The Postclassical Multiple Piano List

All right, here’s the repertoire list for postclassical music for multiple pianos, as well as I’ve been able to piece it together – and longer than I expected to find, I must say, given the inconvenient nature of the medium. There’s a temptation to broaden the category, since so many fine works for multiple pianos remain little known. For instance, Wallingford Riegger’s Variations for two pianos is among his best works, and Ferruccio Busoni’s Fantasia Contrappuntistica, based on fragments of Bach’s last, unfinished fugue, has been a tremendous influence on me, partly the inspiration for my own I’itoi Variations. It’s curious, in fact, how common theme and variations is in the double-piano literature. But I’ll stick to postclassical, and some of those listed, like Reich’s Piano Phase and Feldman’s Piece for Four Pianos, are seminal works of the era. The number in parentheses is the number of pianos required, of course.

The Postclassical Multiple Piano List

Morton Feldman: Two Pianos (2)

- Piece for Four Pianos (4)

- Vertical Thoughts I (2)

- Five Pianos (5)

John Cage: Winter Music (any number)

Steve Reich: Piano Phase (2)

- Six Pianos (6)

Daniele Lombardi: Sinfonia No 1 (21)

- Sinfonia No. 2 (21)

- Threnodia (21)

Harold Budd, Daniel Lentz, and Ruben Garcia: Pulse/Pause/Retreat (3)

- La Muchacha de los Suenos Dorados (3)

- Iris (3)

- Somos Tres (3)

- The Messenger (3)

- La Casa Bruja (3)

Simeon ten Holt: Meandres (4)

- Canto Ostinato (4)

- Horizon (4)

- Shadow nor Prey (2)

James Tenney: Chromatic Canon (2)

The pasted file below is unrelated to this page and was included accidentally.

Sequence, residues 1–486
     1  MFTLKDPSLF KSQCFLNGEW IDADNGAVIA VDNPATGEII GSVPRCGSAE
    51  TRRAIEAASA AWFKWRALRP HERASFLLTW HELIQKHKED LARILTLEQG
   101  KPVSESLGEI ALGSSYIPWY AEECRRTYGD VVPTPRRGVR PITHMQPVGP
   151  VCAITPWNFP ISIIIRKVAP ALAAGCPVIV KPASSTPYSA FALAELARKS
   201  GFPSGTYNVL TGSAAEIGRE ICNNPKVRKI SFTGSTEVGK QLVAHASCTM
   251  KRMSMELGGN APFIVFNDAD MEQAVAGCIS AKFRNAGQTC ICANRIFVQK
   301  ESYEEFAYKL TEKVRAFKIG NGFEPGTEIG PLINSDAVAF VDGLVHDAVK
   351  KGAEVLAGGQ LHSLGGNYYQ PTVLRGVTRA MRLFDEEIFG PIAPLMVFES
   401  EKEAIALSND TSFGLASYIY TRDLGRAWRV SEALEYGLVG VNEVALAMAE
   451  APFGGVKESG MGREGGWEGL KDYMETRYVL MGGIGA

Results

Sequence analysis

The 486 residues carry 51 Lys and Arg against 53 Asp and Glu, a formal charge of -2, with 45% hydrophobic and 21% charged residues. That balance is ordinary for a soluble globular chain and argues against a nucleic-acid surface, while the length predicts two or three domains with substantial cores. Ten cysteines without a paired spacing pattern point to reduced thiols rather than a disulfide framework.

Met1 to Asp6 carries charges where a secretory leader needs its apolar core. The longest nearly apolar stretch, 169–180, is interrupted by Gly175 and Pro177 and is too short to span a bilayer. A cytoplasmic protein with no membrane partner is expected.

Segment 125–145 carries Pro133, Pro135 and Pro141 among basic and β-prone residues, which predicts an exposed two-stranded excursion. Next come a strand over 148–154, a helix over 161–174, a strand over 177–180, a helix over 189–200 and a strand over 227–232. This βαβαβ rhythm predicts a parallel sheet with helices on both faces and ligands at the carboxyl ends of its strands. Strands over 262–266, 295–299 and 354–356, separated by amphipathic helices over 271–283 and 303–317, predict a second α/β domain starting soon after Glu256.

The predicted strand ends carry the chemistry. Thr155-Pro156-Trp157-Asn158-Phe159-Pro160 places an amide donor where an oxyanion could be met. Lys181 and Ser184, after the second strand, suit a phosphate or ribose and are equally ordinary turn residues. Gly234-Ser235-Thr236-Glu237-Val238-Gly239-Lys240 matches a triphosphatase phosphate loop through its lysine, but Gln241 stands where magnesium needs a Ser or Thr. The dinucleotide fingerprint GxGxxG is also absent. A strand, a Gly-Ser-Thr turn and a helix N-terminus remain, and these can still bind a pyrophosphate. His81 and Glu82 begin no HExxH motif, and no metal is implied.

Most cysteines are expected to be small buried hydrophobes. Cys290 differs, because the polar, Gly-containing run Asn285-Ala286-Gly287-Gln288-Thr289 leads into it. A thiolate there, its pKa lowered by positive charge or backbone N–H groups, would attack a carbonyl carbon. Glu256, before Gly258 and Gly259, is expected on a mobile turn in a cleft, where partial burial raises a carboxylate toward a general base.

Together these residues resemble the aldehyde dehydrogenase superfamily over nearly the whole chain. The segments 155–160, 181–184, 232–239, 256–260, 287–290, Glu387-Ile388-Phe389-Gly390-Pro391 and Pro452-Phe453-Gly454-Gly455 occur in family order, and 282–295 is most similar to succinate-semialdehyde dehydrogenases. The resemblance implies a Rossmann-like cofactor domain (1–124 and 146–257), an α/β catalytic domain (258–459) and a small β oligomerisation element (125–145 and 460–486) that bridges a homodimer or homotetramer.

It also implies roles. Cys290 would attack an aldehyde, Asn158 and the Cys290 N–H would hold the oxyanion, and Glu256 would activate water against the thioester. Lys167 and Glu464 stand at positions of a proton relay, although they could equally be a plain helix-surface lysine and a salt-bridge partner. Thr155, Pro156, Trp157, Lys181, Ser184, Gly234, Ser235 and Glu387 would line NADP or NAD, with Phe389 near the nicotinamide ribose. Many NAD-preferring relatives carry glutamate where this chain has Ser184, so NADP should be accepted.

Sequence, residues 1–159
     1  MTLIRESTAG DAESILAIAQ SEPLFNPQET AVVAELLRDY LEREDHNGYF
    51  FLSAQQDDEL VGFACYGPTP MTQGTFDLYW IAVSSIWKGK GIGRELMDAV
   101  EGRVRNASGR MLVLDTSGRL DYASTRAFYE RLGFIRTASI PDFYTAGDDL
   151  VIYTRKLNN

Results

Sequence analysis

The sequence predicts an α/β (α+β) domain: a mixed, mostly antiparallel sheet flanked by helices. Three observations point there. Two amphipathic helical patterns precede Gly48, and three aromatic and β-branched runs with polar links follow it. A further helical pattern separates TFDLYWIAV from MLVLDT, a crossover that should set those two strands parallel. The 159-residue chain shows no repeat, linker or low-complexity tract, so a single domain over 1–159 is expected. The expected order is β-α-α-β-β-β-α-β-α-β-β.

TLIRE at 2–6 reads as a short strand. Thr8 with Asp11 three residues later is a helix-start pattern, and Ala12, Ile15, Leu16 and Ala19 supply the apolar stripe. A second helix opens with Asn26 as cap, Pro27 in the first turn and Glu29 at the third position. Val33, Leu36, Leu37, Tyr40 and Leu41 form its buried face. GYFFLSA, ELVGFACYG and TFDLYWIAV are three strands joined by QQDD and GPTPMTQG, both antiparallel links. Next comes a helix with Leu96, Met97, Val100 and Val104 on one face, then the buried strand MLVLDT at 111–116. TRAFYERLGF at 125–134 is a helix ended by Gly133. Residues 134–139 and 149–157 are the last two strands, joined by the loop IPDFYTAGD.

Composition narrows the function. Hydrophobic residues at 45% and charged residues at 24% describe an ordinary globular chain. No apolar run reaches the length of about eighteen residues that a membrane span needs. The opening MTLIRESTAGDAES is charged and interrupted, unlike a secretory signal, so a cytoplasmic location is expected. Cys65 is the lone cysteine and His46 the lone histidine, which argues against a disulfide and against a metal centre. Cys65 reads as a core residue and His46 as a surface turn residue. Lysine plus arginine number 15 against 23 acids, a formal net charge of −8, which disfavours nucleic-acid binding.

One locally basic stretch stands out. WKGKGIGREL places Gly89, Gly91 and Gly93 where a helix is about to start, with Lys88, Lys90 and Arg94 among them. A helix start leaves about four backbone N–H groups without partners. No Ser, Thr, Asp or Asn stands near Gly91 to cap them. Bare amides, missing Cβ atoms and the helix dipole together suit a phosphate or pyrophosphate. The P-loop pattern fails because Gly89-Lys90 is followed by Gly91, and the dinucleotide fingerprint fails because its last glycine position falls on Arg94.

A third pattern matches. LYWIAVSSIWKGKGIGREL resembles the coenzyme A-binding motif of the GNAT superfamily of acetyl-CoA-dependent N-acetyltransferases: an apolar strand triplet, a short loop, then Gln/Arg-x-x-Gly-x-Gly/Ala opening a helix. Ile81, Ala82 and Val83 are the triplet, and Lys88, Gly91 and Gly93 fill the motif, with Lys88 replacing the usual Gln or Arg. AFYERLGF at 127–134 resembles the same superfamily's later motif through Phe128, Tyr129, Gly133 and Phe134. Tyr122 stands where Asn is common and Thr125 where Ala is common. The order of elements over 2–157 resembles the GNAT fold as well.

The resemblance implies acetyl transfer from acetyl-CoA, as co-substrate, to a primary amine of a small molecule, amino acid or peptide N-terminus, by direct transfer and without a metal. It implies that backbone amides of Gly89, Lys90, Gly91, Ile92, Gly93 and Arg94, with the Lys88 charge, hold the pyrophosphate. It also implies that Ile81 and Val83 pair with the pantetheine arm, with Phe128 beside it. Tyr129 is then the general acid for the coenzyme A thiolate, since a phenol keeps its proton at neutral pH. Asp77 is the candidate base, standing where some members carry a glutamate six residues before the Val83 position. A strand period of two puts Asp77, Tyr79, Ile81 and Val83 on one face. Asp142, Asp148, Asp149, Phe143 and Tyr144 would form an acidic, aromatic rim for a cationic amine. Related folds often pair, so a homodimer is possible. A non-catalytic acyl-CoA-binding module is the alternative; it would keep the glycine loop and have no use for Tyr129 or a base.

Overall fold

- Bridge (2 pianos, four players)

- Flocking (2 pianos, four players)

Ernesto Martinez: Tocatta [sic] (2)

- Mutaciones Basadas en el Preludio #1 de J.S. Bach (2)

- Adagio (2 electric pianos)

Eduardo Gonzalez: Casi Satie Pero con Adorno (2)

- Estudio Micro-Arritmico #1 (2)

Meredith Monk: Ellis Island (2)

- Phantom Waltz (2)

William Duckworth: Binary Images (2)

- Forty Changes (2)

Ingram Marshall: Five Easy Pieces (2)

Anthony Braxton: Composition No. 95 (2)

Frederic Rzewski: Night Crossing with Fisherman (2)

David Borden: Double Portrait (2)

Stefan Wolpe: Enactments (3)

Paul Bowles: Night Waltz (2)

Michael Byron: Evaporated Pleasure (2)

Terry Riley: Cinco de Mayo (2)

Kevin Volans: Cicada (2)

Jack Vees: Piano Trio (Hulk Smash) (2 pianos, 3 players)

Robert Ashley: Viva’s Boy (2)

John McGuire: 48 Variations for Two Pianos (2)

“Blue” Gene Tyranny: The Decertified Highway of Dreams (2)

Larry Polansky: ivt (2)

Wendy Mae Chambers: Ten Grand (10)

Peter Gena: 100 Fingers (10 players, I forget how many pianos)

David Lang: Orpheus Over and Under (2)

Galen Brown: Distance Over Time (2)

Julius Eastman: Evil Nigger* (4)

- Gay Guerrilla (4)

- Crazy Nigger* (4)

Kyle Gann: Long Night (3)

- I’itoi Variations (2)

*Perhaps I’d better hasten to explain the titles of the late Julius Eastman (1940-90). Eastman was a gay African-American, and his titles are quite deliberate strategies to appropriate to himself and neutralize, or even exalt, words that normally have negative connotations. Since the American economy was built on the manual labor of those at the bottom, he defined “nigger” as “that which is fundamental,” and he intended to glorify, through his titles, those who have been demeaned as “niggers.” He was controversial, but the pieces are fantastic.

In addition, there’s an entire repertoire performed by the piano sextet Pianocircus, which can be looked up at their website. I don’t know much of the music there, how many of the pieces are arrangements, or how many are for fewer than six pianos. Suggested additions will be entertained.